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Volvo assumes legal liability for autonomous Drive Me cars in accidents
<p><strong>Volvo assumes legal liability for autonomous Drive Me cars in accidents.</strong></p>

Automakers, Telcoms Map European Digital Highway

The industry coalition&rsquo;s three strategic objectives are prioritizing connectivity, network coverage and reliability; facilitating take-up; and ensuring trust and security.

BRUSSELS – European automotive and telecommunications-industry associations join forces in a European Union-wide collaboration on developing automated and connected driving.

Their goal is to develop the digitally connected superhighways needed to achieve the multibillion-dollar potential from such high-tech vehicles, which range from regular cars with beefed-up GPS to fully driverless models.

The opportunity is vast, say the ACEA group of European automakers, the European Association of Automotive Suppliers, the European Telecommunications Network Operators’ Assn. (ETNO), the European Competitive Telecommunications Assn. (ECTA) and global cellphone organization GSMA, which launched the initiative with EU digital economy and society commissioner Gunter Oettinger last month.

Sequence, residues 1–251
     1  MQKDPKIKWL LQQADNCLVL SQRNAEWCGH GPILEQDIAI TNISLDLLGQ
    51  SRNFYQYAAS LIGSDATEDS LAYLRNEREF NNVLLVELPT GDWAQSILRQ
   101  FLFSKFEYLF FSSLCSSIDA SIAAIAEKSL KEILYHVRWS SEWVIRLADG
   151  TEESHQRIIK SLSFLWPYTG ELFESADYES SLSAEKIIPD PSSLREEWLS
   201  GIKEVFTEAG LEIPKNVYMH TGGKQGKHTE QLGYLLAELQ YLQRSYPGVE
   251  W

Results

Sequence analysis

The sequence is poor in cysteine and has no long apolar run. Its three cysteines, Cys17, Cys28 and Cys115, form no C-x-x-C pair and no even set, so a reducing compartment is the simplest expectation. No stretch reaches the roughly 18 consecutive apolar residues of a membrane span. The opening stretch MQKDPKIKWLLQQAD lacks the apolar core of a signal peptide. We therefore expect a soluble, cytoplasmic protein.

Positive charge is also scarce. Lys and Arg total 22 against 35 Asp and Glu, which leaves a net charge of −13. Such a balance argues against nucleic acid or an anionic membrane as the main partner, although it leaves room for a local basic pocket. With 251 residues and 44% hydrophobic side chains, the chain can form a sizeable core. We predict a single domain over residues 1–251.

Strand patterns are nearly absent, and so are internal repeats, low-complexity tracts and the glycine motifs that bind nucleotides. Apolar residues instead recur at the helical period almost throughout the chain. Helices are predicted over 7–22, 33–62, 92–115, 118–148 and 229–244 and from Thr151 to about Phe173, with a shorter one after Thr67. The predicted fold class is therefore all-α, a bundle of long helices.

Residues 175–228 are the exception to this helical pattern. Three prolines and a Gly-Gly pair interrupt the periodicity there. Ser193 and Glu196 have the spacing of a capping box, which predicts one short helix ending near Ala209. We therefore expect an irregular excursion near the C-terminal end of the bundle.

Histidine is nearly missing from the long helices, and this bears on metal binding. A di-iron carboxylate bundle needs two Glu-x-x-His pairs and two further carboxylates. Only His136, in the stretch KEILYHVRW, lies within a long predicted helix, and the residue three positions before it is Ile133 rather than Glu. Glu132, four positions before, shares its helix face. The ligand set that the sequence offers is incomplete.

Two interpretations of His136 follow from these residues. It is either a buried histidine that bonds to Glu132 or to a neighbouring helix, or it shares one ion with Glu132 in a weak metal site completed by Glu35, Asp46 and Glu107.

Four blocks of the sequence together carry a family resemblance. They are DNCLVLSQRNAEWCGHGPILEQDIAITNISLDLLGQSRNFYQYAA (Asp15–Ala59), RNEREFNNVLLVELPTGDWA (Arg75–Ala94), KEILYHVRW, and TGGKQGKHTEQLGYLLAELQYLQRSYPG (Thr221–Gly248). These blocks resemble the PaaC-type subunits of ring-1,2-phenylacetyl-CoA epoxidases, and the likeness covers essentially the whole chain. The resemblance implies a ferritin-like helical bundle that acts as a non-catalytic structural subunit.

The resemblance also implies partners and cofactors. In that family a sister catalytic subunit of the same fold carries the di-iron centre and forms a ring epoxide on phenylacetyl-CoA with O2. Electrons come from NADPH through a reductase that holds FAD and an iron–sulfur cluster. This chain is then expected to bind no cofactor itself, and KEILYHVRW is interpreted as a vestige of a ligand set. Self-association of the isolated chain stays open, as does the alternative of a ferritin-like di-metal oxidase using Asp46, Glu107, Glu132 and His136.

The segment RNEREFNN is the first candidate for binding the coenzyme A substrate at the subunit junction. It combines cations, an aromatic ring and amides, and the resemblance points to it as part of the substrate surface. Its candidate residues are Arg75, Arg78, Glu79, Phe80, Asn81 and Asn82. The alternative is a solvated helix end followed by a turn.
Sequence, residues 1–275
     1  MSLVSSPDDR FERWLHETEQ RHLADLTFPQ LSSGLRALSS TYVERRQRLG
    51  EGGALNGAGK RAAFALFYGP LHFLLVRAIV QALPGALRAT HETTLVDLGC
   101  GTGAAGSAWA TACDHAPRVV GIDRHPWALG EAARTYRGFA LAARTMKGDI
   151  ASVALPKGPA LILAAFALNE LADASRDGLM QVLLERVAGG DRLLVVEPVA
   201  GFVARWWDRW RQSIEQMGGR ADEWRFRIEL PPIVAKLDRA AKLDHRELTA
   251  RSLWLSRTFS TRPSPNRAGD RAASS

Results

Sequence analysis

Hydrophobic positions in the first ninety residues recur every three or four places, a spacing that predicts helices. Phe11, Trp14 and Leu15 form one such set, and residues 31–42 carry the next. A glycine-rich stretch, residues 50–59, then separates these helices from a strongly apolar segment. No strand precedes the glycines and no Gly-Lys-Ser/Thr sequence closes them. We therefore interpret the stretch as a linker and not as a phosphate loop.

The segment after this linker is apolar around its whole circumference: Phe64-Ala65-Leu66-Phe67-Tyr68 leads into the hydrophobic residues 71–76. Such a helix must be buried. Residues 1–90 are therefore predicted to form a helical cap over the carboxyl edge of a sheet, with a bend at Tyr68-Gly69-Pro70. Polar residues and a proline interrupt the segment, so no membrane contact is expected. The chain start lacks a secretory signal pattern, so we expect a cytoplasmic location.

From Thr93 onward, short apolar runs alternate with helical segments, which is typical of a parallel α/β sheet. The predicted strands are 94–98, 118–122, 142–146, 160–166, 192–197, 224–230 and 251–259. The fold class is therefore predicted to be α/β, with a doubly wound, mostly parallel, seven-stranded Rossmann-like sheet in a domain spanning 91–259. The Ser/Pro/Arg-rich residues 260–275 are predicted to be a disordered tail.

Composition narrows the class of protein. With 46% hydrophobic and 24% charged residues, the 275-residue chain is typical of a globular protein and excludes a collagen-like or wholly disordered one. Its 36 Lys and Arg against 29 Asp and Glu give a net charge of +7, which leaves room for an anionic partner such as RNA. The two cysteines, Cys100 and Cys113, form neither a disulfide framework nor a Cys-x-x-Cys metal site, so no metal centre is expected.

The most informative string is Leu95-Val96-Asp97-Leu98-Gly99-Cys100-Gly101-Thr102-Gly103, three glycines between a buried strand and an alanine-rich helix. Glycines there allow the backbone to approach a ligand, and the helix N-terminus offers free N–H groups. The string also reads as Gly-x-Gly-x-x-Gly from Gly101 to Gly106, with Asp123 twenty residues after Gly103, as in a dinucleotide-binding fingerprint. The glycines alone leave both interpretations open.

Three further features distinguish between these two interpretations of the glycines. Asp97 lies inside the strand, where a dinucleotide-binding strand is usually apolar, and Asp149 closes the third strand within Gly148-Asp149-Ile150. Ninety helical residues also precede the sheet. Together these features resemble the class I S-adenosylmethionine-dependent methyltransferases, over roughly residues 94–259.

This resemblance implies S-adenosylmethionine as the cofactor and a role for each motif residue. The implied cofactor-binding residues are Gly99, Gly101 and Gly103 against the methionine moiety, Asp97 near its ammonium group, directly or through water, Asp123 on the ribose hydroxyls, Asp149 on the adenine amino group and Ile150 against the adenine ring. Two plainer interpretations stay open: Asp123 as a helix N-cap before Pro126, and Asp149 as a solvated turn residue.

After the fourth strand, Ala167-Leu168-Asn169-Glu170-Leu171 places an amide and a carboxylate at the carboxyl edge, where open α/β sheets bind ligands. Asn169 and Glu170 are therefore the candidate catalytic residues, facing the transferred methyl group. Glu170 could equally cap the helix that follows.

In a joint statement, the group (which calls itself an EU Industry Dialogue), highlights the “very significant economic impact” forecast for connected and automated driving; a recent study by the KPMG consultancy estimates €71 billion ($78 billion) by 2030 in the U.K. alone.

But Dialogue members also recognize “strategic challenges to Europe’s ability to implement connectivity and automation in all environments.”

This is why the group has agreed upon three strategic objectives: Prioritizing connectivity, network coverage and reliability; facilitating take-up; and ensuring trust and security.

ECTA spokeswoman Aurélie Bladocha says the Dialogue will use expert working groups “to define the concrete steps to reach these objectives” in meetings starting in early November. There will be another meeting with the European Commission in December and Oettinger is organizing a roundtable in February.

A New Age Agenda

Alessandro Gropelli, an ETNO spokesman, says Dialogue members have been “identifying concrete deliverables in three main areas.”